The last week or so has been all about resting and recouperating from my ear infection. At times, I couldn’t believe how low energy a simple ear infection was making me- there were two days where I did little more than sleep! I’m feeling MUCH better now, to the point where my family and I are, as I write this, undertaking a second trip! We’re piling in the car and driving back to the East Coast for a week. It’s been over a year since I’ve been to New York and I’m very excited about seeing old friends again. Ellen and I are even planning on leaving the kids with Grandma and Grandpa and spending some time back in our old stomping grounds in New York City. It should be a really fun week!
One of my favorite books about movies is Peter Biskind’s Easy Riders, Raging Bulls: How the Sex, Drugs, and Rock ‘n Roll Generation Saved Hollywood. I read that book when I was a teenager and I clearly remember thinking, as I got to the end, “Biskind didn’t really write about Halloween or Alien!” Two of my absolute favorite movies from the ’70’s are given passing mention in his book but, by and large, Biskind stayed away from the horror genre (The Exorcist notwithstanding) and focused on the maverick directors of the 1970’s like Coppola, Scorsese, and Spielberg.
With that in mind, I thoroughly enjoyed Shock Value: How a Few Eccentric Outsiders Gave Us Nightmares, Conquered Hollywood, and Invented Modern Horror by Jason Zinoman, an exhaustive and entertaining look at the horror genre in the 1970’s that takes many of its’ cues from Easy Riders, Raging Bulls. Zinoman give his readers a comprehensive look at the directors and writers who brought horror from the midnight screenings to the mainstream. George Romero, John Carpenter, Brian DePalma, William Friedkin, Roman Polanski, Tobe Hooper are all given equal consideration. While documenting the process of their movies, the author also gives cultural context to the successes of the movies in a time in America full of political and social upheaval.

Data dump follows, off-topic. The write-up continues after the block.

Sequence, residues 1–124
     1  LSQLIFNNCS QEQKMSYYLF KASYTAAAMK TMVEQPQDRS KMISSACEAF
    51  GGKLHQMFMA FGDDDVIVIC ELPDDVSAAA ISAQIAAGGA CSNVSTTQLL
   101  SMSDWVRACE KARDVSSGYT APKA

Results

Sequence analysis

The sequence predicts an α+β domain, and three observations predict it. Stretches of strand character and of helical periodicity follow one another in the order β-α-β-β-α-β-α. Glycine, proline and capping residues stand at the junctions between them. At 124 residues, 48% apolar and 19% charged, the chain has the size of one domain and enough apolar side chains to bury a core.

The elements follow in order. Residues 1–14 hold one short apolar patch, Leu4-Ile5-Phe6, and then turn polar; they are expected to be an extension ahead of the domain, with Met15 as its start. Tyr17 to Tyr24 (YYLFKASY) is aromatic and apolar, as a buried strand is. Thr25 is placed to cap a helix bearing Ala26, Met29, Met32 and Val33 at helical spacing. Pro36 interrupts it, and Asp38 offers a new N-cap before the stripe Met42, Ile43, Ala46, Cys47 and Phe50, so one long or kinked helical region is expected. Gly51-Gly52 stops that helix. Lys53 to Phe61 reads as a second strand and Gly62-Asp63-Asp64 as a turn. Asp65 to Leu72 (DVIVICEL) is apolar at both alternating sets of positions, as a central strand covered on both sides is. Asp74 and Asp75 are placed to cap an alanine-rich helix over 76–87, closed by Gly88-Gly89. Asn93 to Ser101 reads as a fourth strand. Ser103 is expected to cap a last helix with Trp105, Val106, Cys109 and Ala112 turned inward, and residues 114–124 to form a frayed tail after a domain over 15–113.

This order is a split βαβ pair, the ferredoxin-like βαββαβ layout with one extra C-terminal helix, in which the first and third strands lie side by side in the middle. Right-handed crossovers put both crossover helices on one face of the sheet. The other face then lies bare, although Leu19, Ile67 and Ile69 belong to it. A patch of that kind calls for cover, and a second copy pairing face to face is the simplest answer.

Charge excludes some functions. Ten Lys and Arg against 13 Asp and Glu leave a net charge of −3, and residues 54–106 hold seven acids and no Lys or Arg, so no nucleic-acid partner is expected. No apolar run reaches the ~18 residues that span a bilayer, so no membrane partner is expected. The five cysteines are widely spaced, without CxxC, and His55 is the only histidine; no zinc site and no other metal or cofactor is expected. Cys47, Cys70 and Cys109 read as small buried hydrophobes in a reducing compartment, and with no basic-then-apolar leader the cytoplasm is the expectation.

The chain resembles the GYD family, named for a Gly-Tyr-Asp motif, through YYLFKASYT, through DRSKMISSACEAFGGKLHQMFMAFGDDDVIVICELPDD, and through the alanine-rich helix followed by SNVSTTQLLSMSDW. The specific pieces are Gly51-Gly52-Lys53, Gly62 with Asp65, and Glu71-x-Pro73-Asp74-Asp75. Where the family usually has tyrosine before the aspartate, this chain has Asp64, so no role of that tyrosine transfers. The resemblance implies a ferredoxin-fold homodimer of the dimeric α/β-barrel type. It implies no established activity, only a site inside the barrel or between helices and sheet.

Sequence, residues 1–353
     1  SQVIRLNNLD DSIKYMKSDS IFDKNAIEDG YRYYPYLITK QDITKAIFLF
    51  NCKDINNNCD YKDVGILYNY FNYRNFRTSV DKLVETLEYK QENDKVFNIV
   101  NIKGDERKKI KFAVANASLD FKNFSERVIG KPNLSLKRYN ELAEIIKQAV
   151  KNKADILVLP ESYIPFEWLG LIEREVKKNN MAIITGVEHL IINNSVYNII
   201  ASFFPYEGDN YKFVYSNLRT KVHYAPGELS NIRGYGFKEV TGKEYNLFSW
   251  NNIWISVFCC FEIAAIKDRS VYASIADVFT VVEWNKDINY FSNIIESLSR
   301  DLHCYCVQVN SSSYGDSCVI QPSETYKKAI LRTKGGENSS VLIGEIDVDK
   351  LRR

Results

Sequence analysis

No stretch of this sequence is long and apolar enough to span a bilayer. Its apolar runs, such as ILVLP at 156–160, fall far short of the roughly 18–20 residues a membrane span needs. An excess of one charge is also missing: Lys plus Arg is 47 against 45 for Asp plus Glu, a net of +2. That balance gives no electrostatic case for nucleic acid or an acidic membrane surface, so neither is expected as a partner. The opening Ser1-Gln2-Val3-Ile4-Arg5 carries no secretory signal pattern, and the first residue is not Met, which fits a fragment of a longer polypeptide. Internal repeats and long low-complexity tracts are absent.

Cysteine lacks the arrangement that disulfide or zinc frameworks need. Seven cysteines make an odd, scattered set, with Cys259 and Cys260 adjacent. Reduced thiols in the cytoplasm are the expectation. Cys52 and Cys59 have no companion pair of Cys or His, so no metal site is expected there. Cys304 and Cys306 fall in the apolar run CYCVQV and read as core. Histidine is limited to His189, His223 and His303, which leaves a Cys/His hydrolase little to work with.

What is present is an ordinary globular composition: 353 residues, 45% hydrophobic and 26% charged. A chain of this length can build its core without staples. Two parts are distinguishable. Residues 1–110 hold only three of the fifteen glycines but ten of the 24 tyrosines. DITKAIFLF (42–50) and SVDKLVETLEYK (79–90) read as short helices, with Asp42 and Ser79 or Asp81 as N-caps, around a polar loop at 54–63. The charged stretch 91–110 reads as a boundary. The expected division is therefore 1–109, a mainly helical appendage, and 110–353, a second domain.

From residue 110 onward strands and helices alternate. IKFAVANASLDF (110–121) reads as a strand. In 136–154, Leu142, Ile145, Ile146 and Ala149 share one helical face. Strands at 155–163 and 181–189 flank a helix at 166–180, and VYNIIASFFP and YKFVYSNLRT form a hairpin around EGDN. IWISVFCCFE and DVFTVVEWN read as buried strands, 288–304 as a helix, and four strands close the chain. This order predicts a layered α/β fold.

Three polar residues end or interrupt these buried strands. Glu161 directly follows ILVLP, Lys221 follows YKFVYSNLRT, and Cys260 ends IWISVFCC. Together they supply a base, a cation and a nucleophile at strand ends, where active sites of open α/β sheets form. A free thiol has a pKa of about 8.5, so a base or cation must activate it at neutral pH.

Although some interesting points are made, I’d argue a little too much time is given over to Peter Bogdanovich’s Targets, a movie I don’t really consider a horror movie despite the Zinoman’s arguments. However, it’s nice to see the author give so much praise over to Dan O’Bannon, an relatively unsung father of modern horror and sci-fi.
Thwipster is sort of Groupon for nerds. Every day, they have some sort of deal on a book/item that only very geeky people would be excited about owning. Usually, they offer comic book trade paperbacks, but their low prices never seen all that much lower than places like Amazon or Barnes & Noble. Last week, however, they had something on offer that I just could not resist:
A toy replica of the 10th Doctor’s sonic screwdriver from Doctor Who! Ellen and I are planning to go as The Doctor/Amy Pond this Halloween (costumes sure to be met with a chorus of “Wait, what are you again?”) so I’ve been wanting to pick up one of these sonic screwdriver replicas. Although I’m likely to go as the 11th Doctor, I very much doubt I’ll have anyone nitpicking the inaccuracy of my screwdriver choice… and I’ll always be more of a David Tennant fan.
The toy came a few days ago and it’s a wonderful little replica. It’s quite screen-accurate and I could see kids having a LOT of fun with something like this. It comes with a switch that extends the top of the screwdriver forward. A small button, when deployed, reproduces both the blue light and the sonic screwdriver sound to great effect. It even has a neat-o UV pen for you to write secrets that can only be read when the sonic screwdriver’s light is held on the message.